Kelly Slater at Rincon

Meet Kyle Sparks, Photographer

Kyle is a passionate and talented photographer from Ventura, California. We managed to catch up with him for a quick chat.

How are you Kyle? Keeping busy?

I am doing well, as always lots going on. The surf is really small today where I live in Ventura, California so I am going to be in the office all day. The act of creating new images only makes up about 10 percent of my job, the other 90 is a mix of traveling, editing images, researching projects, meetings with clients, answering emails, and other miscellaneous office operations. Today is going to be one of those days where I get caught up on all of the other aspects of my business.

Silver Strand
Silver Strand

Have you had any good waves lately?

Last Thursday a new swell came in and the surf was pumping! Most spots were packed due to the Thanksgiving holiday but my friends and I scored one of my favorite waves in town with only a few other guys out. The wave is a reef/point mix, it starts off with a relatively mellow drop then rolls in and hits the shallow inside sections and makes a nice almond shaped barrel. I was planning on photographing the session but a massive fog bank came in making for poor lighting conditions. During the two-hour session I only made a few waves but came up laughing every time on the ones I didn’t make. For me that’s is what surfing is all about, just having fun with it. I know that is a bit cliché but if you’re surfing to prove something you might want to look into another sport sc-shortcode-cleaner-clean-content-end–>.

Let’s talk photography. Where do you do most of your work and what are the conditions generally like?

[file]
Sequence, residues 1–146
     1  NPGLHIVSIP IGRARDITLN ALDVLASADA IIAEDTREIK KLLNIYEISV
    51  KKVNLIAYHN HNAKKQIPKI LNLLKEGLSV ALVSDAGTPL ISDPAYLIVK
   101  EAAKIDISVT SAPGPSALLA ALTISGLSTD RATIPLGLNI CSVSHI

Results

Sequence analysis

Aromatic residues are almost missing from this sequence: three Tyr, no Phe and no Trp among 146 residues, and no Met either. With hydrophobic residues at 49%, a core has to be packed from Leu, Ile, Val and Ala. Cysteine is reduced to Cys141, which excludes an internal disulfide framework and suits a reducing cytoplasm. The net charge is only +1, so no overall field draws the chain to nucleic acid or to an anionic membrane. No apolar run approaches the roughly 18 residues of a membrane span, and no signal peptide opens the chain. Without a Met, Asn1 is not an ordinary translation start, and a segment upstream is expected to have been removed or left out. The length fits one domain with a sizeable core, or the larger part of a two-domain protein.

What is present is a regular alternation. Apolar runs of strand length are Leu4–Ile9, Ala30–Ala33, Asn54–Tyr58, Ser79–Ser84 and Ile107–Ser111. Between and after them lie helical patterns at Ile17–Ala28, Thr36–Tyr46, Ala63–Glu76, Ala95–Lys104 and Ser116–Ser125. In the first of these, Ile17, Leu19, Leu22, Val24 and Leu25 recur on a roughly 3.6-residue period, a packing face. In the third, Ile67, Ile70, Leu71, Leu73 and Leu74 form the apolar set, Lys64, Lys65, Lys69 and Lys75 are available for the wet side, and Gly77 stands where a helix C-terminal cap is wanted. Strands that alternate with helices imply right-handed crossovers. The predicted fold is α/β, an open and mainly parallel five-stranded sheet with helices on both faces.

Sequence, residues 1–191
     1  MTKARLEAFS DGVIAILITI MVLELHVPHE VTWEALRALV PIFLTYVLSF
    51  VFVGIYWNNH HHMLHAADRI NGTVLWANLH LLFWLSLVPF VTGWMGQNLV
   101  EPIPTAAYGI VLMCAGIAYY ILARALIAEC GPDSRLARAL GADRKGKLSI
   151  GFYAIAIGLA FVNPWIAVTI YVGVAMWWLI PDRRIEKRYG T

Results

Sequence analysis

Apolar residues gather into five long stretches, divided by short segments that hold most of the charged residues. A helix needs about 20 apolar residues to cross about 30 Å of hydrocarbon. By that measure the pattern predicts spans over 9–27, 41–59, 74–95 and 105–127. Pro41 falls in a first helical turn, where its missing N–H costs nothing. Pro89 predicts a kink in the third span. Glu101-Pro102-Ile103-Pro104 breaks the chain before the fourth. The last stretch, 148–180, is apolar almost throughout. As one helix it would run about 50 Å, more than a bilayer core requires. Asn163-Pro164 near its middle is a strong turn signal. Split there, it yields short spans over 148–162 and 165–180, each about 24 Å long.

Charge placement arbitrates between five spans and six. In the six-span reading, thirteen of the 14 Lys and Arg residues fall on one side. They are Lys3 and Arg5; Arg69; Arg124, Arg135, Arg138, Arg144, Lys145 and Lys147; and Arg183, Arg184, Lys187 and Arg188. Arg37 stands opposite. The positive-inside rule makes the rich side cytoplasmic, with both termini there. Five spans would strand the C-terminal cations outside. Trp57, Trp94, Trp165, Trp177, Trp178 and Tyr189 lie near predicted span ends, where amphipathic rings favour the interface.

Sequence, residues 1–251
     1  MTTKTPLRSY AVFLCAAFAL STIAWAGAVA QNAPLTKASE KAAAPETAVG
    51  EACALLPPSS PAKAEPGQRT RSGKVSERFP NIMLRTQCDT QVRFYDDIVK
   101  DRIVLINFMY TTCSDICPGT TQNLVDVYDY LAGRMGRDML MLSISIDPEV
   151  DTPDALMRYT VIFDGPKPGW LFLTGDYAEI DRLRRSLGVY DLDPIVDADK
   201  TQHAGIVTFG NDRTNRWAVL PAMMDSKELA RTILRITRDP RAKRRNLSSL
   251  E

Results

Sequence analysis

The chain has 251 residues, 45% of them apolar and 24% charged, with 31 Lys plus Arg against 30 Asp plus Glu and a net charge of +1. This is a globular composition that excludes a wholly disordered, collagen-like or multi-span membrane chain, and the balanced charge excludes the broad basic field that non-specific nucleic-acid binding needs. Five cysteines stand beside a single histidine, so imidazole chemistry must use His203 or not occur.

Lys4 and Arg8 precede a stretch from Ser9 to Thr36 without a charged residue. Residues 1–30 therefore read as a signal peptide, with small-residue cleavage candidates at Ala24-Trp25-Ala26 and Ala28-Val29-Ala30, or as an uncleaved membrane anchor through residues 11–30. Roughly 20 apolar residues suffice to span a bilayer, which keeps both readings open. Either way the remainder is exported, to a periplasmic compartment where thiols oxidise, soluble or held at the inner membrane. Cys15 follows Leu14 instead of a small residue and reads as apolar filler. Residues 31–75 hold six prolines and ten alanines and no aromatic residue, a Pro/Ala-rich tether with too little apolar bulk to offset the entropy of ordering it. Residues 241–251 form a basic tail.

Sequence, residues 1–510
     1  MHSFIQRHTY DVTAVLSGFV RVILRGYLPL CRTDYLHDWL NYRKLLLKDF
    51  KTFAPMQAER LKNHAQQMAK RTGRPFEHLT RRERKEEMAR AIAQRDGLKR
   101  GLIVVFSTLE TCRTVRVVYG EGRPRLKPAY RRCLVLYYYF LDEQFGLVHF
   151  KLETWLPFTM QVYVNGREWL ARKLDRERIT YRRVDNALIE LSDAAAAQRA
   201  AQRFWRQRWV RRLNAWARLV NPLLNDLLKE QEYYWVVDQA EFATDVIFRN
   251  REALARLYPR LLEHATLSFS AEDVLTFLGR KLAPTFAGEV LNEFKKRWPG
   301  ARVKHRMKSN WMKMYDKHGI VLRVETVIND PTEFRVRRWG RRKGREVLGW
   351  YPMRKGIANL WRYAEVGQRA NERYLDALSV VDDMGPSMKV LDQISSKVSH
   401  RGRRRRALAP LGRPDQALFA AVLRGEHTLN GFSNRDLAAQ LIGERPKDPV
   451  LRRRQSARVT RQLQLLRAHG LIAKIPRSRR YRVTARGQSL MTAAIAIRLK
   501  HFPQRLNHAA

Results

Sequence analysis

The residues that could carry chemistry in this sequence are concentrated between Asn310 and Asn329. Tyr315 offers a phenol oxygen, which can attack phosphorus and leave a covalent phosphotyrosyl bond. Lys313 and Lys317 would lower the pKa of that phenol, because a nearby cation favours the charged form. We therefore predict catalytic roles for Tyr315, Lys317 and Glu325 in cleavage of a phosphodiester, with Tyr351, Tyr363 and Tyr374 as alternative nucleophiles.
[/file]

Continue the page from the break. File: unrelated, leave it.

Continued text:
Most of my surfing work is created in either Ventura or Los Angeles County with the occasional trip to Mexico. Between Ventura and Los Angles County there are several different kinds of waves, everything from hollow beach breaks to world-class point breaks. I really enjoy shooting photos from the water, which around town hovers somewhere between the low 50’s to the upper 60’s on the hottest summer days. Because the water is on the cooler side a nice warm wetsuit with a hood is a must for surf photography if you plan on shooting from the water. I started using a Patagonia R4, a suit built for much colder water but it allows me to stay out for as long as I would like to because I just don’t get cold in it. The conditions in the fall and winter typically feature offshore winds with a northwest swell ranging from about waist high to slightly overhead. The beach breaks around town are shorter more powerful barrels and the points are longer more down the line type waves. During the spring and summer the points turn off and some of the beach breaks in Malibu get really good. They are best on short period combo swells which are rare, but when that happens it makes for some of my favorite shooting conditions. The big issue with the summer is the fog, which is generally not the best light for photos.